Humanity, you will return to Nature, on that day your eyes will open,
you will gaze straight into the eyes of Nature, and in its mirror you
will see your own image. You will know that you have returned to
yourself, that when you hid from Nature, you hid from yourself.
When you return you will see that from you, from your hands and from
your feet, from your body and from your soul, heavy, hard, oppressive
fragments will fall and you will stand erect. You will
understand that these were fragments of the shell into which you had
shrunk in the bewilderment of your heart, and out of which you had
On that day you will know that your former life did not befit you,
that you must renew all things, your food, your drink, your dress and
your home, your manner of work, and your mode of study--
everything! On that day, deep in your heart, you will know that
you had been wandering until you returned to Nature. For you did
not know life. A different life, a life not ready-made, a life
to be experienced in preparation and creation--that life you did not
Therefore your life was cut in two--a very small shred of existence
and a huge experience of non-existence, of work, of labor, of
busy-ness. You did not think, and it did not occur to you, that
there is no life in a life ready-made. Preparation is itself
Life, for Nature also lives within the preparation of life, within the
creation of life.
might do well to stay home a few days and walk over the fields,
or to stand in the shelter of the barn door and reflect upon the
relentless and yet benevolent forces of Mother Nature. The laws of
nature are relentless. They can never be disobeyed without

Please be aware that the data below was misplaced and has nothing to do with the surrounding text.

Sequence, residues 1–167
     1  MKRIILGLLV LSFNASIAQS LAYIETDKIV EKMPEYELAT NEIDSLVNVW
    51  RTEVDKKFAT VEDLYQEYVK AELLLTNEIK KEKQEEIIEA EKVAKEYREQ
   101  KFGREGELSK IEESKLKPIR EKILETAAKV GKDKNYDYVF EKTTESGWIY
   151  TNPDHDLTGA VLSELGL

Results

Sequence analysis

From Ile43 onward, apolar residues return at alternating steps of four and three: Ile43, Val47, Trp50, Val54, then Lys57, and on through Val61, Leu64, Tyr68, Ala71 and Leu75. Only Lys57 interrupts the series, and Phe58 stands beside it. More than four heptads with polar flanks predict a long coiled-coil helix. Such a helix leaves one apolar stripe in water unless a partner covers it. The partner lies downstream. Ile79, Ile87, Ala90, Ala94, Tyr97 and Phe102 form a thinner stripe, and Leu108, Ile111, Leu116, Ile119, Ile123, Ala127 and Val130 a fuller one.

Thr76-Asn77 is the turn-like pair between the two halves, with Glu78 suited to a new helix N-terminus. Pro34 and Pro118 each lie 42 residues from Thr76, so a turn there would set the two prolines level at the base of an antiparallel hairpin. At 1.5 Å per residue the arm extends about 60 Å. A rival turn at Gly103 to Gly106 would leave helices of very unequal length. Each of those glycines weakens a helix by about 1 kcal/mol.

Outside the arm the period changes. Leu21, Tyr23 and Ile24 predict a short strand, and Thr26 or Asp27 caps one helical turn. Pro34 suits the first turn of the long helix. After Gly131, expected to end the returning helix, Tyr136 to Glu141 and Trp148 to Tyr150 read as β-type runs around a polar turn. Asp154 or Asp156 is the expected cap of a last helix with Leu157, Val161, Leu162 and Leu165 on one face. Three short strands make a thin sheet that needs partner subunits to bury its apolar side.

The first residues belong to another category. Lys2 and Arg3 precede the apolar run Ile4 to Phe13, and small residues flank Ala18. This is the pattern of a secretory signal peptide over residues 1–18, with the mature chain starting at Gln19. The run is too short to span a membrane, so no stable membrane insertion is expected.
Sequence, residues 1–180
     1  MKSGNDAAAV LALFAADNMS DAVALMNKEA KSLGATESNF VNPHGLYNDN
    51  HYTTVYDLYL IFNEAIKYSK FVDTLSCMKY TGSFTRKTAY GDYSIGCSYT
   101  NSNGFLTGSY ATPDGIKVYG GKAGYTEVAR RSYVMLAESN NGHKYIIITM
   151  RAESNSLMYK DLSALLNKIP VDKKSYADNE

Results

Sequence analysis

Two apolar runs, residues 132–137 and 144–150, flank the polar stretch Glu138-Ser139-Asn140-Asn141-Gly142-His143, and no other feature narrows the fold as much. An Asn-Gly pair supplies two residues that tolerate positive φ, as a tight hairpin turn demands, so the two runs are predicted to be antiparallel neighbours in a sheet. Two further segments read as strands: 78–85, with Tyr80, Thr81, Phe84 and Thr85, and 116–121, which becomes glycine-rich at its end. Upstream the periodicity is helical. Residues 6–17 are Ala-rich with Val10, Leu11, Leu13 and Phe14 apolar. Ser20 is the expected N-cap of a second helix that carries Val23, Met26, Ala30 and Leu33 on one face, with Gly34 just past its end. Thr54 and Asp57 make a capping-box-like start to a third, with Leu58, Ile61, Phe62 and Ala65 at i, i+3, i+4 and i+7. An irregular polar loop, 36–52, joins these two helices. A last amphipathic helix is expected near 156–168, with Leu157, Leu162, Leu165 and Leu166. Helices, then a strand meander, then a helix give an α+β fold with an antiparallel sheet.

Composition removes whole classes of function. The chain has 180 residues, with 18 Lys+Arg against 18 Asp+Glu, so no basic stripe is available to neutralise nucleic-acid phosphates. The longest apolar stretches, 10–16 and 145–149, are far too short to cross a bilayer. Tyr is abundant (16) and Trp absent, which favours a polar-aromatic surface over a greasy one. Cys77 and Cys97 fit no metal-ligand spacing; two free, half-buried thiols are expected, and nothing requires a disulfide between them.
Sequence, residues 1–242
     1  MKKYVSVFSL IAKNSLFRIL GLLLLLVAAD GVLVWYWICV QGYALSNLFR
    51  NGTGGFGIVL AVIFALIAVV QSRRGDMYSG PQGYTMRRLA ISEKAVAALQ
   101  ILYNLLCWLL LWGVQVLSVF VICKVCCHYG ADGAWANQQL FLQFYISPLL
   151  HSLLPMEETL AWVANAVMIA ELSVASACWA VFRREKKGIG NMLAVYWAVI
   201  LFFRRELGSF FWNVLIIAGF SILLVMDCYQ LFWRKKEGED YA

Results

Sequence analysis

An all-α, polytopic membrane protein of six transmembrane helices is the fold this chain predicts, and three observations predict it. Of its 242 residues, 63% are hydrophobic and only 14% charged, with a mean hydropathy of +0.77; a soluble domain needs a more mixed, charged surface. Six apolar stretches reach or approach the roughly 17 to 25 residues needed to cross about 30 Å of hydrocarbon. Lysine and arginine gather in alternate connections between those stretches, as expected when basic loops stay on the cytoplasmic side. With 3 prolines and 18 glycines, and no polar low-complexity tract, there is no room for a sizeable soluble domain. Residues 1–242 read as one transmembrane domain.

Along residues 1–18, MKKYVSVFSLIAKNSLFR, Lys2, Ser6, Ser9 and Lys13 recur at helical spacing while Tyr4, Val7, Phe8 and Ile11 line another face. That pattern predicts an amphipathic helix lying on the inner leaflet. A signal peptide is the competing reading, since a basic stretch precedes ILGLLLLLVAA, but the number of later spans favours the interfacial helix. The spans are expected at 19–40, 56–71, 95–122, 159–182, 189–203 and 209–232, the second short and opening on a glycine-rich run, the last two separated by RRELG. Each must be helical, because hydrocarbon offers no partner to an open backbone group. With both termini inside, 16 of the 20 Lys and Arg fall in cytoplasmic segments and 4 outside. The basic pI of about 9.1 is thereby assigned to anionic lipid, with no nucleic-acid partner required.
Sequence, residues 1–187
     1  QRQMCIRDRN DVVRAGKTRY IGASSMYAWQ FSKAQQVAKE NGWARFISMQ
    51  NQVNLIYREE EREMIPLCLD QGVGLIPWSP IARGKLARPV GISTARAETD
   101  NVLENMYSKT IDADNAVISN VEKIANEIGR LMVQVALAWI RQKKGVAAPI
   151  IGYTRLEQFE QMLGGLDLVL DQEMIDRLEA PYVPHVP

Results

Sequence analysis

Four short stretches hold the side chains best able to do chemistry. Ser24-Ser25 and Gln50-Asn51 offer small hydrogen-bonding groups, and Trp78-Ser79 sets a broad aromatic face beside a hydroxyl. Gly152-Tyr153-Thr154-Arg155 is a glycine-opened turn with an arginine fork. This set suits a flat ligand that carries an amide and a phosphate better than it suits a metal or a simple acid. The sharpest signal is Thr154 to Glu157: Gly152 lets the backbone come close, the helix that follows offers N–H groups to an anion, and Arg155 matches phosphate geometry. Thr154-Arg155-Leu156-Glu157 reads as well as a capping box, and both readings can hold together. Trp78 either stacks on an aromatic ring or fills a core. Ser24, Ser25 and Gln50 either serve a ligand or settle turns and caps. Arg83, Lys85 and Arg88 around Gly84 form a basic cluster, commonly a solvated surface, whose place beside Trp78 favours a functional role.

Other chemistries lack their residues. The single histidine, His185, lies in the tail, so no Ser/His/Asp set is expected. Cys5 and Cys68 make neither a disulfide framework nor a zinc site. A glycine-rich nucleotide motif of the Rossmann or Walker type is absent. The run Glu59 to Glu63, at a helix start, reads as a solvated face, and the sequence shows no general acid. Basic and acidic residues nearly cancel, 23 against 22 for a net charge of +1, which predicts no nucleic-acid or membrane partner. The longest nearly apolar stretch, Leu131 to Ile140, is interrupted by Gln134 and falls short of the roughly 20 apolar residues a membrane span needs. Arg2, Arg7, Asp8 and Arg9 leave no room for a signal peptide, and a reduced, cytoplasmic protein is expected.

exacting a penalty. Yet they are benevolent, for when they are
understood and obeyed, nature yields up the abundance
that blesses those who understand and obey.
can't escape to the country, you can still sit at your window
watch the sky. You can watch the rain and the
snow. You can visit a
nearby park and watch the foliage
change with each season. You can turn
your face toward the
warmth of the sun or feel a gentle breeze whisper
skin. You can wonder at the changing patterns of light in
summer sky, and feel the brisk tingle of snowflakes in a
Revel in the knowledge that your senses are
finely attuned to these
sensations of the natural world.
By staying in tune with nature, you
nourish the eternal spirit
within, you come back to the center of life
and to the awareness
that God is everywhere present at each moment in time.
Susan L. Taylor
is a light, and by looking at Nature in her own light
her. Visible Nature can be seen in her
invisible Nature will
become visible if we
acquire the power to perceive her in her
|Even nature has hidden lessons for mankind
underneath its silent saga.
The trees teach us to give without discrimination, the seasons
that time keeps changing for the better and the vastness of the
the amount of love we should hold in our hearts for everyone
we come across throughout the day.
Voyage to Happiness!